Note: There are lot of notorious monkeys in and around the temple. So, please take care of your belongings. 

4. Goa Gajah Cave Temple

Goa Gajah Bali

Goa Gajah means Elephant Cave. It must have derived its name either due to its close proximity to the Elephant River in Ubud Village, or owing to the stone statue of Lord Ganesha in the cave who is characterised bearing an Elephant head.

I Found this place quite mysterious and equally fascinating – well.. owing to my love for peculiar places! It’s menacing entrance looked like a demonic mouth, a feeling of entering an under world and venturing into the dark to find some mysterious stuff. 

But that’s not how it is. As you enter the cave and walk through its dark, narrow passage, the cave ends abruptly at an intersection where there are two places of worship. A small niche at the left passage is dedicated to the statue of Lord Ganesha and the right passage had a small worship area with several stone Shivalings, dedicated to Lord Shiva. 

The origin of the cave dates back to the 11th century and there are many stories related its origin. One tale relates that it was created by the fingernail of the legendary giant Kebo Iwa. A leading one suggests that the cave was used as a Hermitage for ancient Hindu priests who dug the entire cave by hand.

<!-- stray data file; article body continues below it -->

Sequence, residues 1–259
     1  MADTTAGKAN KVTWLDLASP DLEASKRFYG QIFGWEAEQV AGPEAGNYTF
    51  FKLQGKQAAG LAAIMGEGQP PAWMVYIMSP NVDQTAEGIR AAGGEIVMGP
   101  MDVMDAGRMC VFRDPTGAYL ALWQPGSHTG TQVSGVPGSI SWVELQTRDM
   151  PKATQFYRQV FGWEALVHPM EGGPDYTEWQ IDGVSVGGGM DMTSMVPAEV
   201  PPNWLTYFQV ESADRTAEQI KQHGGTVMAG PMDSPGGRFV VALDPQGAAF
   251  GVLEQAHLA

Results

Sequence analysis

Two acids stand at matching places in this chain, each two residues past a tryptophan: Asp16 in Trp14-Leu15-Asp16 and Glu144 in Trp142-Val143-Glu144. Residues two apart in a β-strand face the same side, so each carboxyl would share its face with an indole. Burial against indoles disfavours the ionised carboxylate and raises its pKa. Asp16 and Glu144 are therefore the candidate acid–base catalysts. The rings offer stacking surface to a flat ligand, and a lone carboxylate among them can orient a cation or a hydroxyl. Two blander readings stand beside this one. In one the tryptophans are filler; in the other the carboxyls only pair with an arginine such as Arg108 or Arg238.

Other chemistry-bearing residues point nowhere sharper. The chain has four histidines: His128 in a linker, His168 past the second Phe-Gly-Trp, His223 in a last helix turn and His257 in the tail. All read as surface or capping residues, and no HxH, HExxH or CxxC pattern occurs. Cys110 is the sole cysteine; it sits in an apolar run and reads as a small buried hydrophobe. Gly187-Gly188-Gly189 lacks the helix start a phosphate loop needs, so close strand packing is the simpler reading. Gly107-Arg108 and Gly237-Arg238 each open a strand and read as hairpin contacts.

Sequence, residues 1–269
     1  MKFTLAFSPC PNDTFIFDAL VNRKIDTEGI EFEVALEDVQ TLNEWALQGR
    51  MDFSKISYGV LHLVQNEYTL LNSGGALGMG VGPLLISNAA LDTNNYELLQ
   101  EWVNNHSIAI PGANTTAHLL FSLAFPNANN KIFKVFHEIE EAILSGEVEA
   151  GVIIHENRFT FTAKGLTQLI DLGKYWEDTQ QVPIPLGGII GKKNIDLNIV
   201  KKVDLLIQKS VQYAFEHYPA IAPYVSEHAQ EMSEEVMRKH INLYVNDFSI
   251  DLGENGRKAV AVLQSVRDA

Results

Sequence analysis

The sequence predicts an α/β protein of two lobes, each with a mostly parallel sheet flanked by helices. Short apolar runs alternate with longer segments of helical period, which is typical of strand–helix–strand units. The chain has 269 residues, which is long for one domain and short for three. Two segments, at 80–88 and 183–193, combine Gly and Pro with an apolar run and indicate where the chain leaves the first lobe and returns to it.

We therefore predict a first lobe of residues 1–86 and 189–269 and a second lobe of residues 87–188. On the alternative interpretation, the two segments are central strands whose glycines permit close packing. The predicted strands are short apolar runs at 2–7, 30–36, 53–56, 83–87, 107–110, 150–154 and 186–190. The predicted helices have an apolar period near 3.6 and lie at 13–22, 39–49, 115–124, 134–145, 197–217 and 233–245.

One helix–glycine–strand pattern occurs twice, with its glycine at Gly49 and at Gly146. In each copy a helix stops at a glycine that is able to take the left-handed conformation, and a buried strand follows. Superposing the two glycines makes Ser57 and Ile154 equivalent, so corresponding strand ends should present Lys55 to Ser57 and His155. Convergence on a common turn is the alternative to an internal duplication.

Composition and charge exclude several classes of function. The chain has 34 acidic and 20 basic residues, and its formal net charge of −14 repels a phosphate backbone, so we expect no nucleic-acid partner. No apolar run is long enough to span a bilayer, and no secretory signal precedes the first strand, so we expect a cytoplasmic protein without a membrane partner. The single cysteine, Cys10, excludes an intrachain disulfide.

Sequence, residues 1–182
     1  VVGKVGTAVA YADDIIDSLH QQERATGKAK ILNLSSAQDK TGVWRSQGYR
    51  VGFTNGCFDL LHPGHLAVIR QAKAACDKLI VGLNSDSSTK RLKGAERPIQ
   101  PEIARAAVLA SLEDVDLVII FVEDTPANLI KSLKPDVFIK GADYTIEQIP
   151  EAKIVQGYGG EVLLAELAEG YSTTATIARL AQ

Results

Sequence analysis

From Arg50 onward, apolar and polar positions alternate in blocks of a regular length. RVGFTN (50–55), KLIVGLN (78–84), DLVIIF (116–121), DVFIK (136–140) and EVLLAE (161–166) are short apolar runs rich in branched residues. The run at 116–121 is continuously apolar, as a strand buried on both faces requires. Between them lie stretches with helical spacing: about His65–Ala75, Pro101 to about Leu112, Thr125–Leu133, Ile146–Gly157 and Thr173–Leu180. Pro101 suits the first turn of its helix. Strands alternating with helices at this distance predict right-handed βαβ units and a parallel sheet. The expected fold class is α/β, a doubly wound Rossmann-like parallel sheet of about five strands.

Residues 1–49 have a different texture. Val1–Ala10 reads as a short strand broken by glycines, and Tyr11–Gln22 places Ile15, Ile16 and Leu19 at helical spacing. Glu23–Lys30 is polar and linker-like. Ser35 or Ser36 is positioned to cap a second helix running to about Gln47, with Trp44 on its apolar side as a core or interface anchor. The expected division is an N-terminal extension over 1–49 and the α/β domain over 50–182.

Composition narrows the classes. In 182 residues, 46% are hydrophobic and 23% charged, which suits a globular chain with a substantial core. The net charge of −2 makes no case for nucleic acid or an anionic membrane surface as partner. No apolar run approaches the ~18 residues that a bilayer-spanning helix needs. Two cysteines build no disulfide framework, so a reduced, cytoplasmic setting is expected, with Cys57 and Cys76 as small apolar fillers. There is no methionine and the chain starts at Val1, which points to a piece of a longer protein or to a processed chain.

A lot of relics are with unknown origin lie in the courtyard area. There are two holy water pools outside the cave, where the devotees take dips while performing their religious rituals. If you wish to explore the place further, there is a steep climb with a long flight of stairs that will lead you to shady valley, waterfalls, ancient stones with carvings on them and a crumbled Buddhist temple. 

Entrance fee for Goa Gajah is approximately $1.15. There is a dress code to visit the temple. Your knees should be covered and this applies to both men and women. Sarong on hire is also available here. Goa Gajah is open seven days a week from 8:00 am to 4:30 pm.

5. Holy Monkey Forest

Monkey Forest Bali

Now, this experience is pretty much unique. Located in the Ubud village, the holy monkey forest is a home to over 700 Balinese Long-tailed monkeys. The forest is known for its monkey conservation effort, where studies and research is conducted for observing monkey’s diet, health, behaviour and breeding habits. 

Watching these playful animals in their natural habitat is quite amusing. You’ll find them everywhere around you swinging on the trees, eating bananas and peanuts, teasing and playing with each other and sometimes even trying to steal your belongings. The staff here saves you from all this trouble, even getting your belongings back from the monkeys.

Holy Monkey Forest Bali